Welcome to a rare weekend post! We're sending this your way on a Sunday in order to give you enough time to participate in this moving and important event tomorrow.
There's marathon power—and then there's double marathon power. Rachel Elizalde-Powell ran two marathons in Eugene, Oregon in early May in honor of her brother, SFC Adrian Elizalde, who was killed in Iraq on August 23, 2007. Rachel ran her first 26.2 miles beginning at midnight, running to the starting line of the Eugene marathon the following morning, where she tackled her second marathon of the day. That's 52.4 miles.
Rachel first found solace in an organization called Wear Blue: Run To Remember, a running organization that honors the service and sacrifice of the American military. She immediately connected with her fellow runners and with Wear Blue's support, she eventually built up the endurance and courage to tackle a double marathon.
Watch Rachel's story below in the video, and read how she felt throughout her 50+ miles below. And then learn how you can make your own miles count tomorrow in honor of our fallen service members.
Rachel explains how she felt at the beginning, middle, and end of her 52 miles:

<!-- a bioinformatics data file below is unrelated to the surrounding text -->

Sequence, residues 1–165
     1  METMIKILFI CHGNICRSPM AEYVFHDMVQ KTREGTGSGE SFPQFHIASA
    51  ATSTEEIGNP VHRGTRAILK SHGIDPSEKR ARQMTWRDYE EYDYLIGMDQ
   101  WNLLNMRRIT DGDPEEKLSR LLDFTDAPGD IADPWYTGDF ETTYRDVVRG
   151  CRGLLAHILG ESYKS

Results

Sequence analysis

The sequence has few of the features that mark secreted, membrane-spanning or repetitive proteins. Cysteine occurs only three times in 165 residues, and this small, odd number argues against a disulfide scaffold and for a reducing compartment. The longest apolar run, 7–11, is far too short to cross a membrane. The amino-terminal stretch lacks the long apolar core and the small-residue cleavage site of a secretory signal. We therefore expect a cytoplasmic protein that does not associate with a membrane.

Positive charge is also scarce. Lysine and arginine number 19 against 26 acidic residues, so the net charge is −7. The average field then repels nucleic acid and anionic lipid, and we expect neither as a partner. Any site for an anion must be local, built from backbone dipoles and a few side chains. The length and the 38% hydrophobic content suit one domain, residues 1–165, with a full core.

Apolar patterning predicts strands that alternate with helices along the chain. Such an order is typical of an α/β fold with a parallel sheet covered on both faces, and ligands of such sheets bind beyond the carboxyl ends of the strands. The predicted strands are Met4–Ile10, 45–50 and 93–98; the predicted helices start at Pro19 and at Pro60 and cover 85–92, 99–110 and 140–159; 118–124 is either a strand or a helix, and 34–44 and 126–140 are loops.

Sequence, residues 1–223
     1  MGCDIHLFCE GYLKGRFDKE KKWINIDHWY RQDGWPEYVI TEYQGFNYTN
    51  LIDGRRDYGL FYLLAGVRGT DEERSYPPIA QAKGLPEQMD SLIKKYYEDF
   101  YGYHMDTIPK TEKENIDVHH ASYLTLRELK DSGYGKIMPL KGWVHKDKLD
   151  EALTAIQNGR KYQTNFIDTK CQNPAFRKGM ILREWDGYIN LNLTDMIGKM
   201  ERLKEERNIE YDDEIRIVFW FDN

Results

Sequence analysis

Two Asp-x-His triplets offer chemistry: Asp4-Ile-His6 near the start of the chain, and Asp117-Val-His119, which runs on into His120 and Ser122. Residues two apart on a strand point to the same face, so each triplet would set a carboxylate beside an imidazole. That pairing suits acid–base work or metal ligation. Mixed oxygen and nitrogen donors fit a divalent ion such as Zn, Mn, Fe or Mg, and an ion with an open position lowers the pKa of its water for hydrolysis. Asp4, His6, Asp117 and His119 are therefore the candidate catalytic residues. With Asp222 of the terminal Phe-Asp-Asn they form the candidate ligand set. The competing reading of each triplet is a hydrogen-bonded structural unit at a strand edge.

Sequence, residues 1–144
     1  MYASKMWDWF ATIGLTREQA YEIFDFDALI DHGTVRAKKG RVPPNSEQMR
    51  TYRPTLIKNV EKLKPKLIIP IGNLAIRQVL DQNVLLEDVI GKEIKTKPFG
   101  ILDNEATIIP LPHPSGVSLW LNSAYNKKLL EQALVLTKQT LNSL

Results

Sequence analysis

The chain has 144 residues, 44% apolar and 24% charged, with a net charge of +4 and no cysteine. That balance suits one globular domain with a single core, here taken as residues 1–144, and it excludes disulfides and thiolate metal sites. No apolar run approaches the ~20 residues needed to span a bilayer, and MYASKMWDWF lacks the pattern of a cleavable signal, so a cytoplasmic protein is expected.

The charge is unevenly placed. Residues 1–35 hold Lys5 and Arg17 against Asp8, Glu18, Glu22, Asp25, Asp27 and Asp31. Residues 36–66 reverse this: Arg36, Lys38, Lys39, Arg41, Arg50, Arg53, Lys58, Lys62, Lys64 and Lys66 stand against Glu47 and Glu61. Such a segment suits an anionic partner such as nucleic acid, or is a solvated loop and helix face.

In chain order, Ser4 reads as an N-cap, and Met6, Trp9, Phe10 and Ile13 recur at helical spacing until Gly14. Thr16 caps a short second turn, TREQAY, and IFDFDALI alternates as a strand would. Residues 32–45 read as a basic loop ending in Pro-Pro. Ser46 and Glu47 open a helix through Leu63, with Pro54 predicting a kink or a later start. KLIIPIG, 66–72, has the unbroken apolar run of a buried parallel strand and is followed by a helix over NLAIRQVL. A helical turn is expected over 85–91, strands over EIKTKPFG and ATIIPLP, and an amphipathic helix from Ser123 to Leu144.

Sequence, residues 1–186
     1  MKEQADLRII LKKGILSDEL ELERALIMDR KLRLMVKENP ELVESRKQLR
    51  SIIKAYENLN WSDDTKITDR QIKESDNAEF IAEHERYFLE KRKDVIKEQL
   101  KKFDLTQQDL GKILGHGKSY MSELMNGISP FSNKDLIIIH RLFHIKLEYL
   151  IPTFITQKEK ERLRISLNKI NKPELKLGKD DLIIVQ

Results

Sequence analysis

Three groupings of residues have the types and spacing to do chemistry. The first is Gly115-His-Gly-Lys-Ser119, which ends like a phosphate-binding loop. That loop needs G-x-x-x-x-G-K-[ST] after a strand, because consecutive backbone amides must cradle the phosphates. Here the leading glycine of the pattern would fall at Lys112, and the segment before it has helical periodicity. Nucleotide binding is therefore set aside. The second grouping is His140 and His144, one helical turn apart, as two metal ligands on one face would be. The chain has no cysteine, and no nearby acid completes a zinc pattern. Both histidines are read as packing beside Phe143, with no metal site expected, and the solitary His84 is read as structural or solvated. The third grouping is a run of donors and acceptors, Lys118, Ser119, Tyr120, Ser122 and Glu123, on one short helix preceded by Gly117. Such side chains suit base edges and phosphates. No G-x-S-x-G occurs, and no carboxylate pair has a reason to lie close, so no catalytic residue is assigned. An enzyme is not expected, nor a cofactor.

Mile 1: "Alright, here we go. Hang with me, Adrian.”
Mile 26: “I’m tired but not near what I thought I would be. I was energized by the fact that we did one and I truly felt good. Better than I ever have after any single marathon.”
Mile 51: “I had just seen his name on a Memorial Wall that I wasn't prepare to see. It wasn't a sad moment...it was more of a moment of feeling his presence telling me to get going. So when there was one mile left, I looked at my friend Danielle and my friend Pedro who had started the journey with me and said, ‘We've totally got this.’ I could feel all of the pain start to subside. At the last quarter mile, I felt no pain. I honestly felt a moment of peace and elation. It was a true celebration of what my brother expected from anyone who knew him. Live with a smile.”
How you can join Rachel: This Memorial Day, Wear Blue asks the nation to challenge themselves physically and mentally by choosing a distance that is greater than their average training, whether it be 1 mile or 100, in order to ground the day in its true meaning of honor and remembrance.
Runners can join their local chapters, organize a meet-up, or run individually. By the close of Memorial Day, runners and walkers across the nation will have shared in a national effort to run in honor of every member of the American military who laid down his or her life for this country.
"For Memorial Day we have asked people to pledge their miles to our website to honor the 6,882 that have died since the Global War on Terror began," explains Rachel. "If someone wants to have a service member assigned to them, we will do so. We ask that when they receive the name that they go online and look up their story. Learn about the men and women that left behind legacies."
So if you're planning on running tomorrow, head over to Wear Blue: Run To Remember to see if there's a local meet-up nearby or how to commit your miles.